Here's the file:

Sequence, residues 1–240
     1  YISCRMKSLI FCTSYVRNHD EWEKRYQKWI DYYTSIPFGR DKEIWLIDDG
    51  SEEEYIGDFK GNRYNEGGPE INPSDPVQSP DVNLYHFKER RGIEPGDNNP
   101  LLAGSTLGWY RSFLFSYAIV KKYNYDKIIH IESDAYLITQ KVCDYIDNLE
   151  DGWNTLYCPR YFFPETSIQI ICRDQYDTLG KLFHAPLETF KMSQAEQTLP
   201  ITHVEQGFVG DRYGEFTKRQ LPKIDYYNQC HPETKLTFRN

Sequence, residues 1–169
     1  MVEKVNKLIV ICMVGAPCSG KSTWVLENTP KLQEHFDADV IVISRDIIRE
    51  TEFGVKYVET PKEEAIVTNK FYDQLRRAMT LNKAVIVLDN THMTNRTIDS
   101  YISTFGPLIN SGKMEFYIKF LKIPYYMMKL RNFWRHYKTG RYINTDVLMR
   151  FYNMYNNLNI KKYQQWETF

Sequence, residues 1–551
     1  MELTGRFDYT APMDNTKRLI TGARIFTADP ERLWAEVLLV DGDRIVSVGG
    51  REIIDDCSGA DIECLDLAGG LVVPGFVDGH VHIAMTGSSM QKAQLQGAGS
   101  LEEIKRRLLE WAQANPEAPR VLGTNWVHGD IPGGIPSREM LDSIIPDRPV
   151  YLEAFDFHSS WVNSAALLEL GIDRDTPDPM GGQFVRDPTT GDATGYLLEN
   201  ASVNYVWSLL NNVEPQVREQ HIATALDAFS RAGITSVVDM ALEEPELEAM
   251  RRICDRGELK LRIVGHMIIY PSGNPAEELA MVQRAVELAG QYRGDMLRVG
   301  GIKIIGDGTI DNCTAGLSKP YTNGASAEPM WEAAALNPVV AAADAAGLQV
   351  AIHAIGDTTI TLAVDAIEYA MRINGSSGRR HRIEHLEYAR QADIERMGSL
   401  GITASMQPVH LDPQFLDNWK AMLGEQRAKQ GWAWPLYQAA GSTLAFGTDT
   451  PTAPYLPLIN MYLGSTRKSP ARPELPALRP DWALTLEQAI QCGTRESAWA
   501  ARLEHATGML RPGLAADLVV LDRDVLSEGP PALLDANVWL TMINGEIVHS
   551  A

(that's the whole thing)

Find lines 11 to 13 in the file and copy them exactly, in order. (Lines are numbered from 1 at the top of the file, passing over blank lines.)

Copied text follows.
   151  FYNMYNNLNI KKYQQWETF

Sequence, residues 1–551
     1  MELTGRFDYT APMDNTKRLI TGARIFTADP ERLWAEVLLV DGDRIVSVGG